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Why People Aren’t Peeling Their Produce

We’ve noticed something lately, even though it’s not new: Some people don’t peel their carrots and cucumbers. They leave the skins of their beets and eggplants intact.

At first glance, it seems like a stylistic choice, a rustic affectation, a noble nod to that longstanding farm-to-table movement — “Look! This came from a farm! You can taste the local dirt!”

Who are these people, and why aren’t they grabbing the peeler to strip off those nasty bits? A chef and food-waste activist, a couple cookbook authors, a recipe developer, and some food writers tell us their motivations behind their no-peeling stance.

When food writers cook at home, they choose the easy way because, well, it’s easy, and that outer layer has extra fiber and nutrients they could use. “I don’t peel most vegetables because one, I am lazy and feel like a good scrubbing is fine; and two, because I want the most out of my produce. Heck, I don’t even peel beets save for the really gnarly tops,” says Linnea G. Covington, a food writer in Denver, Colorado, who started her career in a bakery.

A chef for 12 years and a food-waste activist in San Francisco, Alison Mountford cites the same reasons, plus more. “[I’m] looking to reduce my food waste, and I like the color variation too — cucumbers, yams, russets.” Mountford loves the two-tone look in the final dish. Because we all know looks matter.

Soon after Thanksgiving, Mountford is launching Ends & Stems, an in-home, food-waste-resource site with facts and tips for reducing and reusing your food waste to save money, the environment, and yourself from the boredom of the same old recipes. One cited fact: 25 percent of the food brought home ends up in the trash. Don’t let that happen. Mountford points out ways to better use the kitchen tools you already have, such as the freezer, to reach these goals. (Basil ice cubes anyone?)

San Francisco cookbook author and recipe developer Amy Sherman always peeled her vegetables when she first started cooking, but now she doesn’t unless the skins are really tough. Yet Sherman still peels potatoes when she’s serving them mashed. She also peels asparagus stalks and artichoke bottoms because of the tough texture. But not much else.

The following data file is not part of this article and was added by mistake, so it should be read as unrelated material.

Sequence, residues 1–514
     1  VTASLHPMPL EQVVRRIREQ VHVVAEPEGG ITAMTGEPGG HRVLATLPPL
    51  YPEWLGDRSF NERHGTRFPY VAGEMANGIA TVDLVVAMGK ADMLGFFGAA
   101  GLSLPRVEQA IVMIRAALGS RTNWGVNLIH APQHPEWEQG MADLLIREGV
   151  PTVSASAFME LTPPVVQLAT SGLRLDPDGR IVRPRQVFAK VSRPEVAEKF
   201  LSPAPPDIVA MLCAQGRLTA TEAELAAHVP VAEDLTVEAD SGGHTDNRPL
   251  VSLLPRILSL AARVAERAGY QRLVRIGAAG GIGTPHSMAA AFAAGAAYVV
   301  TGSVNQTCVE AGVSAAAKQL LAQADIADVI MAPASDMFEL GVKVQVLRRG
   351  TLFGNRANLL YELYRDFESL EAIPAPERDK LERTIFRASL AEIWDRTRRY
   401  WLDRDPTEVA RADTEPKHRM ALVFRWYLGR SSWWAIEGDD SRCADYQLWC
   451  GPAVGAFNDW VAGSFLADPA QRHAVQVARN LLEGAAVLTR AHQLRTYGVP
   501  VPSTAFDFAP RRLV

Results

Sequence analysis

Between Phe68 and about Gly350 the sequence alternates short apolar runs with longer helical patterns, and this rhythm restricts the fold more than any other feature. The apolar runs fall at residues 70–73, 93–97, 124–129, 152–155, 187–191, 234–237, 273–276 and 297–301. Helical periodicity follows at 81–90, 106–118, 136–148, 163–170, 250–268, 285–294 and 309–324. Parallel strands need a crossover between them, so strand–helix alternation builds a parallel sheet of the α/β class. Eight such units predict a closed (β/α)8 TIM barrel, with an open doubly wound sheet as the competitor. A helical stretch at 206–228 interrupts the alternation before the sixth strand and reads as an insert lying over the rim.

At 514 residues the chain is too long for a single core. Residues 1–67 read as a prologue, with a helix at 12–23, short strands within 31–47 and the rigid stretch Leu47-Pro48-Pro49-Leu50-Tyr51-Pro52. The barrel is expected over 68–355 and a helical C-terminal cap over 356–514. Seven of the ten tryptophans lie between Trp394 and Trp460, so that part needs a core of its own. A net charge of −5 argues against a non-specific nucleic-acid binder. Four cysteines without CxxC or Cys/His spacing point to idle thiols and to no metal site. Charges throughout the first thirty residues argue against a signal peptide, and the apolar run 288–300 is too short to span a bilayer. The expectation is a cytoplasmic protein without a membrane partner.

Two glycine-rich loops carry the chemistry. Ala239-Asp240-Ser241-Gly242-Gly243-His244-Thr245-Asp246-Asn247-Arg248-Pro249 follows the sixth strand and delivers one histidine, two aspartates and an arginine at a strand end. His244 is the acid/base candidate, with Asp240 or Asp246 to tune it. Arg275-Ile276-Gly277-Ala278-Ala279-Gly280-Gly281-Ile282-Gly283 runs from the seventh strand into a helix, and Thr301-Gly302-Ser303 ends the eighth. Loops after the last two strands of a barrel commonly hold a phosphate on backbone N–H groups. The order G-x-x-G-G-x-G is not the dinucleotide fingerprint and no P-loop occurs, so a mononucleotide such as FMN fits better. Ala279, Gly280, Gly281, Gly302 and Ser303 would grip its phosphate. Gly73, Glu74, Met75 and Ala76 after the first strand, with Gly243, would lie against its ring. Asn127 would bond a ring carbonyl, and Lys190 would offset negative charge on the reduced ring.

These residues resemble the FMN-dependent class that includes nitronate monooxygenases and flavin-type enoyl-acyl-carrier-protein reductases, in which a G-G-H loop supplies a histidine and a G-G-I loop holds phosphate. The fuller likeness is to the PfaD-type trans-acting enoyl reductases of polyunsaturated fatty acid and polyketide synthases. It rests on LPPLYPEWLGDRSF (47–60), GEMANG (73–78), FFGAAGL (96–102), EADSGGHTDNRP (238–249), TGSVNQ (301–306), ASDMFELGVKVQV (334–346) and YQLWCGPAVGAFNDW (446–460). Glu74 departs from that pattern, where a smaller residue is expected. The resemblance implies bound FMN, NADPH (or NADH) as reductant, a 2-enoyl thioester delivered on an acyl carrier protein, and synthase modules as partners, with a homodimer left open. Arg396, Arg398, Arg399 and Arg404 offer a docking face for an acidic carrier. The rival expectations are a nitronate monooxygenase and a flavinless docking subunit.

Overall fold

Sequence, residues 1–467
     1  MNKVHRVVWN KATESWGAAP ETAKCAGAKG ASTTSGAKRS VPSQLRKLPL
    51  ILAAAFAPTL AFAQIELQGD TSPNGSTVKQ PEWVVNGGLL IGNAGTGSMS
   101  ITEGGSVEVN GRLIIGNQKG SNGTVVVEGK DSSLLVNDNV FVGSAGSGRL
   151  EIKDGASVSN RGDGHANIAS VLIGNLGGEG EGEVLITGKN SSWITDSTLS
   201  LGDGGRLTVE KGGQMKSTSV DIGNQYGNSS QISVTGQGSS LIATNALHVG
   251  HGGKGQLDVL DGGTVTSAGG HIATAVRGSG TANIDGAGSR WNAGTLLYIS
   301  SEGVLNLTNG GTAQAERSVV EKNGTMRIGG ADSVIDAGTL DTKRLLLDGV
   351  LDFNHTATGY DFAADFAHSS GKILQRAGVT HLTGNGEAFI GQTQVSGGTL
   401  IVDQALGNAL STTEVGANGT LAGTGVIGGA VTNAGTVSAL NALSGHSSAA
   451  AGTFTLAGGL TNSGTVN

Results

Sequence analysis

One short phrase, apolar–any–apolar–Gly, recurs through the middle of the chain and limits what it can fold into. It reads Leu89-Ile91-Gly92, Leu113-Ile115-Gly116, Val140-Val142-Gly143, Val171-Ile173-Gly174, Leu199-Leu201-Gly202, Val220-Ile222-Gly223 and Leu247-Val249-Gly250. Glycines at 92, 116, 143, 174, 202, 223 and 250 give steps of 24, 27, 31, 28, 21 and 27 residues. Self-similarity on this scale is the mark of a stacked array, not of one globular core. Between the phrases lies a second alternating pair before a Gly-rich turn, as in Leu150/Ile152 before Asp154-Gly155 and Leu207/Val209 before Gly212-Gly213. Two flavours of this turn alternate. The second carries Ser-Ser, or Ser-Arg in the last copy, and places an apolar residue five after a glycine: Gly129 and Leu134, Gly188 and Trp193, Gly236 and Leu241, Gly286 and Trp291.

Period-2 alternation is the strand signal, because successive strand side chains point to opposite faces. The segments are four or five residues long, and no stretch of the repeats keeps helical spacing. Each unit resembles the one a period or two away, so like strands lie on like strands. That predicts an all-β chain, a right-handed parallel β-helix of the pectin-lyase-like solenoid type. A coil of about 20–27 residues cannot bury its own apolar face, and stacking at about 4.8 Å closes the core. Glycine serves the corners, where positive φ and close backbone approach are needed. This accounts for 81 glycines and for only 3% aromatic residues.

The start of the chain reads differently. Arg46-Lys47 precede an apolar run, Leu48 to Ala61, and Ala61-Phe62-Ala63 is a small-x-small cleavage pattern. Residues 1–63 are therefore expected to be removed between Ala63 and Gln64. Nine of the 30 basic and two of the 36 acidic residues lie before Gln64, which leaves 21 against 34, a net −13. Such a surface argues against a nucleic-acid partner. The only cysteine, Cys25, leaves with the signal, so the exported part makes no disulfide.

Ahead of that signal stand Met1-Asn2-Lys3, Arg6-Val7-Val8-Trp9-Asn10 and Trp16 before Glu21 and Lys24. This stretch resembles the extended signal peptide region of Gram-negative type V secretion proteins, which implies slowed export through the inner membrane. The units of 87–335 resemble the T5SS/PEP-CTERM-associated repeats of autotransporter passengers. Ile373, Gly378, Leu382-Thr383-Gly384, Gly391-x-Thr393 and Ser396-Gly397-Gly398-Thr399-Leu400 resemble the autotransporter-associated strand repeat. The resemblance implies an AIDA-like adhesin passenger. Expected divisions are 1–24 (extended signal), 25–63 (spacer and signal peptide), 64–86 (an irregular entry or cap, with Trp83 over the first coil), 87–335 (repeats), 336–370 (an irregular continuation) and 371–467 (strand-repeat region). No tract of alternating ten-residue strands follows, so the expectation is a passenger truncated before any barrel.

“I want to get more nutritional value, and I’m buying mostly organic vegetables so I’m less afraid of any chemical residue,” Sherman says. “If I’m blending in the Vitamix, I can’t see the point of peeling either, since it will pulverize just about anything.”

When the vegetable is really good, Karen Solomon doesn’t peel. Solomon is the author of cookbooks such as Asian Pickles and Can It, Bottle It, Smoke It. “I peel most carrots, but the ones from Tomatero Farm I don’t peel because they are so fresh and sweet that there’s no point. No bitterness at all in the skin,” Solomon says.

Boiled down, weight the arguments against peeling some of your vegetables:

  1. It saves time.
  2. You get extra insoluble fiber, which keeps you regular. (yay!)
  3. Vegetables can look prettier with all their clothes on.
  4. Peels provide texture and flavor — that you want.

Regardless of whether you sit in the peel or no-peel camp, make sure to scrub those vegetables extra well. No one wants to eat dirt, even if it is local and organic.

Amy Sowder is a NYC-based food and fitness writer as well as the assistant editor for Chowhound. She loves cheesy things, especially toasties and puns. She’s trying to like mushrooms. Her running habit is the excuse for her never-ending ice cream pursuits. Follow her on Instagram, Twitter, and her blog, What Do I Eat Now. Learn more at

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